Women with breast cancer face increased risk of developing a second cancer
A new large-scale study on women with breast cancer found a 25 percent increase in the risk of developing a new non-breast cancer compared to women without cancer. The study, published online December 8, 2005 in the International Journal of Cancer, the official journal of the International Union Against Cancer (UICC), is available via Wiley InterScience (http://www.interscience.wiley.com/journal/ijc).
Breast cancer is the most common cancer among women in developed countries. Due to the high five-year survival rate (77 percent), a considerable number of women have a long-term risk of developing a second cancer. Previous studies have shown a 20-30 percent increased risk for a second cancer in various sites, including the endometrium, ovary, thyroid, lung, soft tissue, blood, skin, stomach and colon, with higher risks among younger patients.
Researchers led by Lene Mellemkjær of the Danish Cancer Society in Copenhagen, Denmark conducted a huge study involving 525,527 patients with breast cancer in 13 cancer registries in Europe, Canada, Australia and Singapore. Records were analyzed for second primary cancers during the period 1943 to 2000, with 133,414 women followed for more than 10 years after the initial diagnosis of breast cancer. The increased risk of a second cancer was seen in many different sites, as shown in earlier studies. "The excess of cancer after a breast cancer diagnosis is likely to be explained by treatment for breast cancer and by shared genetic or environmental risk factors although the general excess of cancer suggests that there may be additional explanations such as increased surveillance and general cancer susceptibility," the authors note.
The study found an almost 6-fold increase in the risk of cancer in connective tissue of the thorax and upper limbs, which suggests that radiation therapy, which has been used to treat breast cancer since the beginning of the 20th century, may play a role in developing a second cancer in organs close to the breast. An increased risk of myeloid leukemia was also shown, possibly as a result of chemotherapy. In addition, while previous studies had shown an increased risk of endometrial cancer with the use of tamoxifen, the current study suggests that this may not be entirely due to the drug, since the increased risk was already shown within one year of breast cancer diagnosis, it was shown before 1975 when tamoxifen was rarely used, and an increased risk of breast cancer was also seen after endometrial cancer. Colorectal, kidney and postmenopausal breast cancer appear to share obesity as a risk factor, while ovarian cancer and breast cancer seem to have a genetic predisposition in common. The study found an excess of ovarian cancer already within one year of breast cancer diagnosis, along with an increased risk of breast cancer after ovarian cancer.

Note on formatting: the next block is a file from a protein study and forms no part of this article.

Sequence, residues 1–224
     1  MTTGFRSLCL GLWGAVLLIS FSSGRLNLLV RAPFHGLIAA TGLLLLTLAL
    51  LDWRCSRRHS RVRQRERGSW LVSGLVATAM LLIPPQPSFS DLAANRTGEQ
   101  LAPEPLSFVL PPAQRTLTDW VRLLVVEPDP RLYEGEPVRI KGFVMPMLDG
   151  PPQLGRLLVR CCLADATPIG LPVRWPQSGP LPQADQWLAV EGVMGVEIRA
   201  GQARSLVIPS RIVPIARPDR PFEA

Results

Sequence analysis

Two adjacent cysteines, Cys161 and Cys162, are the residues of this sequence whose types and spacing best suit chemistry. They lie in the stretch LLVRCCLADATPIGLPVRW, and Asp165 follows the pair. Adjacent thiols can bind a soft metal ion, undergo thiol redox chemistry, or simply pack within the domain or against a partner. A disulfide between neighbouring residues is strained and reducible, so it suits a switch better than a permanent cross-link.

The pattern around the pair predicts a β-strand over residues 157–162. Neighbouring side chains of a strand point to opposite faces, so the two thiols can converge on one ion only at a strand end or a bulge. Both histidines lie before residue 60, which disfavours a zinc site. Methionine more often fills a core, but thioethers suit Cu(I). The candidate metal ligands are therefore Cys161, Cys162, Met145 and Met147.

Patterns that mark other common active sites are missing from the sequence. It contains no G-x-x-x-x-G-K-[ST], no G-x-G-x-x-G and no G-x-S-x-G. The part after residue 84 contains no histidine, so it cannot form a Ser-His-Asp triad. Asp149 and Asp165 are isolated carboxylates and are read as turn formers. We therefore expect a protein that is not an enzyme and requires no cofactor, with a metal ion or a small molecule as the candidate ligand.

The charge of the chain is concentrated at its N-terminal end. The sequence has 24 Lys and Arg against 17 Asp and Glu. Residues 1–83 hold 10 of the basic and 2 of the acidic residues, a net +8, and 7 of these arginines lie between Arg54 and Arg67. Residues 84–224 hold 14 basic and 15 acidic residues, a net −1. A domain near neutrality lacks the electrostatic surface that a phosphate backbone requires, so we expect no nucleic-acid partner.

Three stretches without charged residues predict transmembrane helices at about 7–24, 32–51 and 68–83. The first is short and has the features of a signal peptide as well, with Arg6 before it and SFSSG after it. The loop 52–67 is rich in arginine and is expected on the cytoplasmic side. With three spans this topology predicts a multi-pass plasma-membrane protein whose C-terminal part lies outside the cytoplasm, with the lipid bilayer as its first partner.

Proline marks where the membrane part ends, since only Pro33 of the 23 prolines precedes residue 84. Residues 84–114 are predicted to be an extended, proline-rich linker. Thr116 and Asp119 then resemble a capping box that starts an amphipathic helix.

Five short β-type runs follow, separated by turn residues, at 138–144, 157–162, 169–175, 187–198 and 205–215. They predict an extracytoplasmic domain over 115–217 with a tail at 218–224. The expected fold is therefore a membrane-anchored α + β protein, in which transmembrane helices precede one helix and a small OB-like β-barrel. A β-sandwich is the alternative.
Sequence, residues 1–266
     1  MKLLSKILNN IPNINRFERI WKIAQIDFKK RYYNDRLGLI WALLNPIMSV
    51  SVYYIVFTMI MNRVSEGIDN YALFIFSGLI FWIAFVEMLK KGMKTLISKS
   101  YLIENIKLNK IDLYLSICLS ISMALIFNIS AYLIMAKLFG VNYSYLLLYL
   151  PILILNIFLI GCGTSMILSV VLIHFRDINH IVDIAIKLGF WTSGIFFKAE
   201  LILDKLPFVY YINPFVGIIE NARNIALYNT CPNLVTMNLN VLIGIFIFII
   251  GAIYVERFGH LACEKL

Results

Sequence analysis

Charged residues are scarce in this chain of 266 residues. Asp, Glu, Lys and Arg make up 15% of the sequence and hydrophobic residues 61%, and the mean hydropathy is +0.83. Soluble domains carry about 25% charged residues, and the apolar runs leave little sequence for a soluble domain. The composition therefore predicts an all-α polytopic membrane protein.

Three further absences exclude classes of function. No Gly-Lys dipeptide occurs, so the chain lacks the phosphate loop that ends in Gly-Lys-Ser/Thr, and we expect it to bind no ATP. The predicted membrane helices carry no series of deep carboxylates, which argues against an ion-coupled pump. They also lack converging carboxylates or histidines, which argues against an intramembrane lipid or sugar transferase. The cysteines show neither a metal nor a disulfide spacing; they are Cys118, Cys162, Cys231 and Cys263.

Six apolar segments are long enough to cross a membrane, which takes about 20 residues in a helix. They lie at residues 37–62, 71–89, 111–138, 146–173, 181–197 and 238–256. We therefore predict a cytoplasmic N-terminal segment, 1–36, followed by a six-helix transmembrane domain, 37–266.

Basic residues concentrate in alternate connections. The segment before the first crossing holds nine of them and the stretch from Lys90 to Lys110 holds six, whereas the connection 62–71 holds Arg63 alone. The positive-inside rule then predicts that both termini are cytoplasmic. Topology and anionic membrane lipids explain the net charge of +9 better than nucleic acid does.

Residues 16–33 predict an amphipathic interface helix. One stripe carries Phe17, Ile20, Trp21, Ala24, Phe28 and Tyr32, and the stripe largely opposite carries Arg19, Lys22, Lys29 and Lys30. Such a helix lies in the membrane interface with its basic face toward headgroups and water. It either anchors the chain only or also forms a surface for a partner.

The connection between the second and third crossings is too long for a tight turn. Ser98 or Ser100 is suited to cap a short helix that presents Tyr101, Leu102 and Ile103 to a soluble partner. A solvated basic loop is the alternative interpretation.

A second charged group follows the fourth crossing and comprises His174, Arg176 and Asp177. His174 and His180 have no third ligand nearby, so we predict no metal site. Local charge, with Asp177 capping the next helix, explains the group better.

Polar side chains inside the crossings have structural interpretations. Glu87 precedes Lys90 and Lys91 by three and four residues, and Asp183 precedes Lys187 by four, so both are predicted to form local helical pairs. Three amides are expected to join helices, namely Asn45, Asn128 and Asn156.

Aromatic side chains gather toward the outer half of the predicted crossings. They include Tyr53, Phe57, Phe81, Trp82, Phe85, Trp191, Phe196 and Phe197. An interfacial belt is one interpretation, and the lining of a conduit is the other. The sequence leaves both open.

"The overall impression from this very large study is that a breast cancer diagnosis has an effect on subsequent cancer risk in general, since so many cancer sites were seen to occur in excess of what was expected," the authors conclude. "The known effects of treatment and common risk factors do not seem to fully explain the excesses."
Source: Eurekalert & othersLast reviewed: By John M. Grohol, Psy.D. on 21 Feb 2009
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